Windows 10’s new Browser with most advanced features


Microsoft is planning to radically overhaul its web browser in Windows 10. Sources familiar with the company’s Windows plans tell The Verge that the new browser, codenamed Spartan, will include a host of new features not found in rival browsers. Chief among the plans for Spartan is new inking support that allows Windows 10 users to annotate a web page with a stylus and send the notes and annotations to a friend or colleague. The web note service will be powered by Microsoft’s OneDrive cloud storage, meaning notes will be stored on a copy of a web page that can be accessed by any browser across multiple platforms. As annotations are shared, multiple users can doodle on a web page and share edits and annotations between groups.

Cortana is coming to your browser

A second major feature for Spartan will be the integration of Microsoft’s Cortana digital assistant. Microsoft is planning to use Cortana to surface information on flights, hotel bookings, package tracking, and other data within the traditional address bar. If you use Cortana to track a particular flight and start to search for "American Airlines" in the browser address bar, it will automatically display tracked flights and allow Spartan users to view the status of the flight directly. It’s a subtle addition, but you’ll also be able to access Cortana search directly from the new tab interface in Spartan. Cortana integration in the Spartan browser is planned to replace every instance of the existing Bing methods in Internet Explorer.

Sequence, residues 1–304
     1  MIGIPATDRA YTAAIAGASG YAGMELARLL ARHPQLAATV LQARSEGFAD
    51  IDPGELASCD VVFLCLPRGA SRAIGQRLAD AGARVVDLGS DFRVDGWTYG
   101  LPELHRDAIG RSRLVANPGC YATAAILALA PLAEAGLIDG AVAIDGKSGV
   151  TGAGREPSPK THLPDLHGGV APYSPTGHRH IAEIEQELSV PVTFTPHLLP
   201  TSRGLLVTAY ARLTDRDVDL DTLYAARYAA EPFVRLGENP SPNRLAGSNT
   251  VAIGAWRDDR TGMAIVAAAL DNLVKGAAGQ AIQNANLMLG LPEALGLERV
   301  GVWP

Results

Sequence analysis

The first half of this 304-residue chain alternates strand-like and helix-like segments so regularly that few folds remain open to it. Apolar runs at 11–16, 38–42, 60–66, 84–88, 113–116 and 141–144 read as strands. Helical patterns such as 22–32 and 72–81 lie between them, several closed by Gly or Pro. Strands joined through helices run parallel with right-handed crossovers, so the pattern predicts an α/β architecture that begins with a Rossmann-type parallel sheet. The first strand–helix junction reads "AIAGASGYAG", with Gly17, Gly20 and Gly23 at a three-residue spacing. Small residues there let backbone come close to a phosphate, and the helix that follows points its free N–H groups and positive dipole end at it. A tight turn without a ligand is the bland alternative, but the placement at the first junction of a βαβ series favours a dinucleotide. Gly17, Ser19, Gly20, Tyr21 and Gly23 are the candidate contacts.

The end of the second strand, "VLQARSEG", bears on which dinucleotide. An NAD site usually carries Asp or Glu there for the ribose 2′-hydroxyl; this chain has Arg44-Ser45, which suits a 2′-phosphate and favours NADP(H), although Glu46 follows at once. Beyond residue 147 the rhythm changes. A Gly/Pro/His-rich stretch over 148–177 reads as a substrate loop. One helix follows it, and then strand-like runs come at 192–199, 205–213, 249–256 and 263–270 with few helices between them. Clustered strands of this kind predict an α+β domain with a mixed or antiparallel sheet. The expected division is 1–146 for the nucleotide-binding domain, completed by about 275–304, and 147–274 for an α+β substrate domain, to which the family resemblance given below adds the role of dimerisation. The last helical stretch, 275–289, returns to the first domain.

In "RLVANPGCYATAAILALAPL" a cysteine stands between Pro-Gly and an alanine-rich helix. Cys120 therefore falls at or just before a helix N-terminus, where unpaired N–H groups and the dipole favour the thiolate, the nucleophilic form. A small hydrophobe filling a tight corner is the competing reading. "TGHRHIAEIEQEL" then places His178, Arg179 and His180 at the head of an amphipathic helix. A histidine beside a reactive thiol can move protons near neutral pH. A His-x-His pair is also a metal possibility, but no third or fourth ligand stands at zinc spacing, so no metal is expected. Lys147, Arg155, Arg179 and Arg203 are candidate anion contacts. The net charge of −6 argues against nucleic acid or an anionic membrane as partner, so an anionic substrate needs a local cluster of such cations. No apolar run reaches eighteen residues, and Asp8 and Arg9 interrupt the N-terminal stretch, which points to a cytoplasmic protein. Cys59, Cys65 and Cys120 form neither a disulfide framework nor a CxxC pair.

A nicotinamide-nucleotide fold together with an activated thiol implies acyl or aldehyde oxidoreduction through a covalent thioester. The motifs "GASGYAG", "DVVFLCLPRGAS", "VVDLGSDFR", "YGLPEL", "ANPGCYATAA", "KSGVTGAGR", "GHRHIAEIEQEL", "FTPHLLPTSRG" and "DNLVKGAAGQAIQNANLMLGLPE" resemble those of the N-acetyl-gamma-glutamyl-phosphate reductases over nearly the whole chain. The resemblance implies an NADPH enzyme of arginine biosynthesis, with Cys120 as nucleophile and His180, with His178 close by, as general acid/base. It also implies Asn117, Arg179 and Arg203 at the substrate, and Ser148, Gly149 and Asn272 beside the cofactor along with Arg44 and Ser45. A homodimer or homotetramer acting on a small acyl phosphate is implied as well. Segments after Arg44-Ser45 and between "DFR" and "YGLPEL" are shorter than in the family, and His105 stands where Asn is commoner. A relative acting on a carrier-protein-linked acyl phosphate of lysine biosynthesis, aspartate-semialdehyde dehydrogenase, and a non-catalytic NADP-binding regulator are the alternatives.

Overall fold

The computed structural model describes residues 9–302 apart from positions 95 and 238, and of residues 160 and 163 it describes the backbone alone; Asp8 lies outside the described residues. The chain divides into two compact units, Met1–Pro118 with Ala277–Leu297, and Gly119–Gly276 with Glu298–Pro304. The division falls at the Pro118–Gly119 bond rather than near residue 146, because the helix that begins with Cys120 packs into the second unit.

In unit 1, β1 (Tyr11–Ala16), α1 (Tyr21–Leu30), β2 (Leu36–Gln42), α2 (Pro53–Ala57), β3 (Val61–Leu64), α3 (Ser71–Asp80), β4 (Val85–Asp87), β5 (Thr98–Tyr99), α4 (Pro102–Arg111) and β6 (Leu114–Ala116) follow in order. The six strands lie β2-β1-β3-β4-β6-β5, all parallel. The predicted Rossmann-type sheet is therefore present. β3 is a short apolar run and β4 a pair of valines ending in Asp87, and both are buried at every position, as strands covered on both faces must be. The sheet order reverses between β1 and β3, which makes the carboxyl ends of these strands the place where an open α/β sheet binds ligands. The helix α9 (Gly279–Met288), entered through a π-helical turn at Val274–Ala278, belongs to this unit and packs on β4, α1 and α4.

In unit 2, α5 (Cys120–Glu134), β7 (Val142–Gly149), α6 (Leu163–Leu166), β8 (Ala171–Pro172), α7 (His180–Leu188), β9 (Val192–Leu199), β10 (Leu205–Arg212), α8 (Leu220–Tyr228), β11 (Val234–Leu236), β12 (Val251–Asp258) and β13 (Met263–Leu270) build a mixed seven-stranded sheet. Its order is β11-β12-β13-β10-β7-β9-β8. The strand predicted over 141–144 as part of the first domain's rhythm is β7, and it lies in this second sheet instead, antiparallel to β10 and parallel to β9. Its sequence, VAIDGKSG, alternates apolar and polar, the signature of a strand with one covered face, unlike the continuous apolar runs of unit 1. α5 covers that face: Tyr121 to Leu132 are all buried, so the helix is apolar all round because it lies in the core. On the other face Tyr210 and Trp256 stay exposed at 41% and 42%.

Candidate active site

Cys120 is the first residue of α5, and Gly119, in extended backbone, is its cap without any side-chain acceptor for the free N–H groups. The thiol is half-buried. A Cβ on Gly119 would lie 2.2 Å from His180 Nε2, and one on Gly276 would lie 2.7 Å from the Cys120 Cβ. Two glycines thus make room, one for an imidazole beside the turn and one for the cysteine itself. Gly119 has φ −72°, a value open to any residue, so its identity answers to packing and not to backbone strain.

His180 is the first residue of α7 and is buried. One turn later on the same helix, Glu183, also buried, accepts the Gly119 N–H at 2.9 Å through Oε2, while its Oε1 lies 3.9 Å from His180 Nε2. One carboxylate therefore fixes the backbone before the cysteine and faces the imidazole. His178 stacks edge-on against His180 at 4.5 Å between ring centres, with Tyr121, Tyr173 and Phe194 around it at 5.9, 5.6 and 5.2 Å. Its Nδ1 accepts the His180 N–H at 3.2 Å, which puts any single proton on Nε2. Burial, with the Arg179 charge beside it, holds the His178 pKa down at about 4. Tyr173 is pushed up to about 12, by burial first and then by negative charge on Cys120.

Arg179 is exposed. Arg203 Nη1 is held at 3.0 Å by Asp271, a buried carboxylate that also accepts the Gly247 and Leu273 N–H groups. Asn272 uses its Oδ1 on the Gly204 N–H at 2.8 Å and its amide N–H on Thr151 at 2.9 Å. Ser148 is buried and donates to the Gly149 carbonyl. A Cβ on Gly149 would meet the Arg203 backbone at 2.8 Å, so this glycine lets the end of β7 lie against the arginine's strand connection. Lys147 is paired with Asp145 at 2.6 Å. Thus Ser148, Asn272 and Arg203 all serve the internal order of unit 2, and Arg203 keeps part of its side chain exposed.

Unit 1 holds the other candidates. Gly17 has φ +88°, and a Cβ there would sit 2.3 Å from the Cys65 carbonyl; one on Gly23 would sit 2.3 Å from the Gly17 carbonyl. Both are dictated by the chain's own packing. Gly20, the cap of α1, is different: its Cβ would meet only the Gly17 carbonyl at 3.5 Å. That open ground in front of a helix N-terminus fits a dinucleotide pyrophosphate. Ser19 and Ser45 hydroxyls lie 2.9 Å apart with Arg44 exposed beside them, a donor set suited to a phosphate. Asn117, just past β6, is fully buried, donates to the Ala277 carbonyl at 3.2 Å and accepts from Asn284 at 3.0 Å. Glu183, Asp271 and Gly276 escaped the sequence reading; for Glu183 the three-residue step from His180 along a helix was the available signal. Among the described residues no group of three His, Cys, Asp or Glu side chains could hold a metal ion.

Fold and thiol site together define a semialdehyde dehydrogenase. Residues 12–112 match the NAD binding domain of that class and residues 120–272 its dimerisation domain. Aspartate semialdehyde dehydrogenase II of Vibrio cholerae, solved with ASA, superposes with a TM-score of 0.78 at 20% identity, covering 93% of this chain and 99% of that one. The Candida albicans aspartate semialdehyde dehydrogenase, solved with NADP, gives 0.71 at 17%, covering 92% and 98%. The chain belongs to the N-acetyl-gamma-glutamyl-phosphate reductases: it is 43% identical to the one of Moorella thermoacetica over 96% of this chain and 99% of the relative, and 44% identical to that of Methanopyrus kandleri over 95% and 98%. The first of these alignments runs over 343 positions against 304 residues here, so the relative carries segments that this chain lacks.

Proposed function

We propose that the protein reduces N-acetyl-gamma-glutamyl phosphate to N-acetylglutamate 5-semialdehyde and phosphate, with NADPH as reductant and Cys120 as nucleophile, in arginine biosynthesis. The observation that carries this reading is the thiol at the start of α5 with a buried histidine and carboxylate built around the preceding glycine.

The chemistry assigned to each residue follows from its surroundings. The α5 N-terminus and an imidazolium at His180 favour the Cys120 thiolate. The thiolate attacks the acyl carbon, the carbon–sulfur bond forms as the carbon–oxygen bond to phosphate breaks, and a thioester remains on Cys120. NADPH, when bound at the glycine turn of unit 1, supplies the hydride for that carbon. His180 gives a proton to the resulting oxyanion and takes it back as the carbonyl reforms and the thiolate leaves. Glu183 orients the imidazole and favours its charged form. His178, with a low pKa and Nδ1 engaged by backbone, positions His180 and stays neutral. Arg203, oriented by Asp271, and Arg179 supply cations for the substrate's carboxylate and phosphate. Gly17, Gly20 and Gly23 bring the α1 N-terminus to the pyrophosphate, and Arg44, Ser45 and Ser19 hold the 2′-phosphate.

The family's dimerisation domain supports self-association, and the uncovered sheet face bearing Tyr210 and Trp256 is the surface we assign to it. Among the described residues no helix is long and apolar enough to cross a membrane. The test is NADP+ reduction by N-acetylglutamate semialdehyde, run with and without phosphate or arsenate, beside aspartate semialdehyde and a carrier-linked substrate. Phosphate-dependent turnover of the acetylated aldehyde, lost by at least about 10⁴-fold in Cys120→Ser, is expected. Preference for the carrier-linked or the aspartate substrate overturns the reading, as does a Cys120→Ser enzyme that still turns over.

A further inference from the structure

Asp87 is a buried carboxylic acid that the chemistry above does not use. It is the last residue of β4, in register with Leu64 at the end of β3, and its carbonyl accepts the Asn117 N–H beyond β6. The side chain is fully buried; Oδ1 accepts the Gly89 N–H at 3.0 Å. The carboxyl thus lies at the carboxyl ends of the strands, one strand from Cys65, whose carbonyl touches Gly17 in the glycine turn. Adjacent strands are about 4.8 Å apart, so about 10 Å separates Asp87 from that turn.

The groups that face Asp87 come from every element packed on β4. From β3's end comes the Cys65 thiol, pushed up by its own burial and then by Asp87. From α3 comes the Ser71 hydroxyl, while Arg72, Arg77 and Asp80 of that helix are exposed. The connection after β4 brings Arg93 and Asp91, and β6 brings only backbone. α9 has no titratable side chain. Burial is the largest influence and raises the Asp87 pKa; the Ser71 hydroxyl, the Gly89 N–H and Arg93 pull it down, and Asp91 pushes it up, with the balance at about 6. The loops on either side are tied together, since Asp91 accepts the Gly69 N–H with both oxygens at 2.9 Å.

Other features include a new way to group tabs together to declutter the occasionally messy interface of multiple browser tabs. Spartan will allow users to group tabs however they want, making it easier, for example, to split up personal tabs from work ones. Microsoft also originally planned to allow Spartan to support custom themes, but we understand the company has dropped this for the final new browser in Windows 10. Such support may arrive in future updates.

Spartan will be a Windows Store app for regular updates

Spartan is designed to be a single browser across PCs, tablets, and phones. We’re told that Microsoft will make Spartan a Windows Store app, enabling the company to quickly and easily update the browser in future. ZDNet previously reported that Microsoft will continue to include Internet Explorer in Windows 10, and we understand this will be primarily for legacy compatibility reasons. Spartan is the main browser in Windows 10, and most users will be accessing the web using it. While Spartan will be a Windows Store app, we understand Microsoft isn’t planning to make it a universal app initially. One version of Spartan will be available in the Store as a desktop app, and another as a modern app for tablets and phones. Both will be updated regularly with identical features.

Microsoft is planning to keep the look and feel of Spartan very similar across phones, tablets, and PCs. The desktop version looks like a simplified version of Chrome, with a tabbed interface above the address bar, alongside options to go back, forward, and refresh a page. It’s all designed to look lightweight, without the bloat typically associated with older versions of Internet Explorer. While the Spartan name is a codename, it’s not clear if Microsoft plans to continue the Internet Explorer branding with its new browser. That naming and other features of Spartan could play a part in Microsoft’s Windows 10 event on January 21st. Microsoft is planning to detail the consumer features of Windows 10 at its press event later this month, including its phone and tablet features.

We reached out to Microsoft for comment on its Windows 10 browser plans, but a spokesperson says the company has "nothing to share."